Of all the animals of prey, man is the only sociable one.
Every one of us preys upon his neighbour, and yet we herd together.
The Beggar's Opera: John Gay

Friday, 25 January 2013

"Speak clearly, if you speak at all...."

After chronicling Miss Safe's untimely dip in a Birmingham canal (previous post), I happened to catch a television interview in which she described the incident.

Watching it, I was struck by the fact that, though she is clearly articulate and intelligent, her speaking voice was surprisingly flat, nasal and undeveloped. The same, of course, applies to much of the population these days - since public recital fell out of fashion in most of Britain's classrooms, there has been a noticeable decline in the quality of speech in schools - but one might have thought a radio newsreader would prove an exception.

Still, I shouldn't be too surprised. It's something I've noticed on several recent car journeys; local news and traffic reports suggest that a good, clear speaking voice is fairly low on the list of priorities when choosing radio presenters.

I can see why it might not be deemed important for the actual entertainment broadcasts; Jeremy Clarkson once memorably described local radio DJs as sounding 'as if they're talking to you while someone is pushing Harpic up their nostrils with an electric toothbrush' in the hope of sounding wacky enough to attract the attention of any TV talent scouts who might be listening.

But the news and travel, the bit that's important to the thousands of motorists passing through the area, that should surely be delivered, if not in flawless Received Pronunciation, at least clearly enough to be understood by drivers over the noise of a car.

Instead, traffic announcers slur their words and mumble their script or - in the recent case of one female on a London station - giggle uncontrollably about something the DJ said and thus render half the information utterly incomprehensible; annoying if you're listening at home or in the office but downright infuriating if those details included the cause of the tailback you've just joined on the M25.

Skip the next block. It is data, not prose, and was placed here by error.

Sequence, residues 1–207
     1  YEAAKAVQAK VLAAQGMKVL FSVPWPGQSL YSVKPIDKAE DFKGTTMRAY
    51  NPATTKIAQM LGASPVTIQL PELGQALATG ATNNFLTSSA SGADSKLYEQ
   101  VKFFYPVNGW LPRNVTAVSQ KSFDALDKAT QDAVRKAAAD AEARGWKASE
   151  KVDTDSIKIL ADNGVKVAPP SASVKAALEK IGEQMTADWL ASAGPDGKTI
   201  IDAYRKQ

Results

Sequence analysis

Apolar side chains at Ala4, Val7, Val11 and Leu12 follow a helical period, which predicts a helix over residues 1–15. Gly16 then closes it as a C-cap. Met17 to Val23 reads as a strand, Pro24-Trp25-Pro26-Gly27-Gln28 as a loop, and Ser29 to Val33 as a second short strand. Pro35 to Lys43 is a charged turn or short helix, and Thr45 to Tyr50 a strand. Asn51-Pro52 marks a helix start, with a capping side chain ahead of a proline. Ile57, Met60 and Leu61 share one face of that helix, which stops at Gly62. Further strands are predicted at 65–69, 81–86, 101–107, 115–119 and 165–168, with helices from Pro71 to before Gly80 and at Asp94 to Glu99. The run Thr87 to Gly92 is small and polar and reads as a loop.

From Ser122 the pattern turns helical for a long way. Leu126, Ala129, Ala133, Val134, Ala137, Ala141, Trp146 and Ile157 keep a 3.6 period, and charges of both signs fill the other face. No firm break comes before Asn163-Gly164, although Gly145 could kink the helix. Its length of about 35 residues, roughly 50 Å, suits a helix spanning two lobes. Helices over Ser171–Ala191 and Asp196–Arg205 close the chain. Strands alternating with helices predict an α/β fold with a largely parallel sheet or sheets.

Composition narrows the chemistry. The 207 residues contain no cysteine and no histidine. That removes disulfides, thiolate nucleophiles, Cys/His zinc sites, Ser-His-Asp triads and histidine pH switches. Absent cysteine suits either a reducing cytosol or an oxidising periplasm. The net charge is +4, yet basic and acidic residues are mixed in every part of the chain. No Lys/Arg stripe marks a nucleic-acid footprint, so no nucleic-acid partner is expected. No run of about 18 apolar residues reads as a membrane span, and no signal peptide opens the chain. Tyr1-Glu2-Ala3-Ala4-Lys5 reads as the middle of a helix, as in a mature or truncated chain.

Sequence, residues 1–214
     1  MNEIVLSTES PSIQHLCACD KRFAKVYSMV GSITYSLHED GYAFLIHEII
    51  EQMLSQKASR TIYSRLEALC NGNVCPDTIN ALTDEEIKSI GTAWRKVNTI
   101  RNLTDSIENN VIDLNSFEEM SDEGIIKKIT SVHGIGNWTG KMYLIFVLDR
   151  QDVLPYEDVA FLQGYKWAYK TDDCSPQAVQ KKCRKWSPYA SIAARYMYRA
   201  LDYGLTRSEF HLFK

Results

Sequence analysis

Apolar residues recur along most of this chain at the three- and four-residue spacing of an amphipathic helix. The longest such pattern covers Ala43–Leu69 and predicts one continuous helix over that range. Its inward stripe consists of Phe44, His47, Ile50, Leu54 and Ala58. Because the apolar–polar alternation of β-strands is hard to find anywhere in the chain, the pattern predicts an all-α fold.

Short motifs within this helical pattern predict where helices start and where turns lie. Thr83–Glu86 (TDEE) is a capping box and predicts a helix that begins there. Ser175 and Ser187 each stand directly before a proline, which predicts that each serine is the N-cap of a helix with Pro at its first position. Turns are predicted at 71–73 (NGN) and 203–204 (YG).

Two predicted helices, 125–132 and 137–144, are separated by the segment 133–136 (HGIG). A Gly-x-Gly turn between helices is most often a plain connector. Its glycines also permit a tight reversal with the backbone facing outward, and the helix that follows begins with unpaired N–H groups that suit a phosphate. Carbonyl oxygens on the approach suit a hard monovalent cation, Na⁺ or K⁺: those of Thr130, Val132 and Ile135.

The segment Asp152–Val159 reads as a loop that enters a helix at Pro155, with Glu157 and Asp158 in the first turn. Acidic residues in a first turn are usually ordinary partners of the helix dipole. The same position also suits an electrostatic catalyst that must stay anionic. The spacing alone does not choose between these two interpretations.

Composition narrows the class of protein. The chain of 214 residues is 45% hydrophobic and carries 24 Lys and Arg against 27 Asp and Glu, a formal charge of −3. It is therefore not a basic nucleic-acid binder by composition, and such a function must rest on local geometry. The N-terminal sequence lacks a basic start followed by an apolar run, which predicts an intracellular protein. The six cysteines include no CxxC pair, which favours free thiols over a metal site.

One traffic news presenter employed by an East Anglian radio station even has a definite lisp. While I'm all in favour of equal opportunities, I cannot imagine any circumstances that would make him the best possible candidate to read out information concerning Ipswich, Felixstowe and southern Suffolk, particularly in a context where road safety is concerned.

Perhaps it is all about equal opportunities; maybe these are the first tiny steps towards the dystopia of Kurt Vonnegut Jr's 'Harrison Bergeron', set in a world where the US Handicapper General ensures that everyone is 'equal every which way':
The television program was suddenly interrupted for a news bulletin. It wasn't clear at first as to what the bulletin was about, since the announcer, like all announcers, had a serious speech impediment. For about half a minute, and in a state of high excitement, the announcer tried to say, "Ladies and Gentlemen."
Or perhaps we have reached a point beyond irony, where radio presenters are chosen on the basis of how good they will look in the station's publicity shots and web pages rather than on the sound that will go out over the airwaves. Even on the outer fringes of celebrity, image, these days, is all.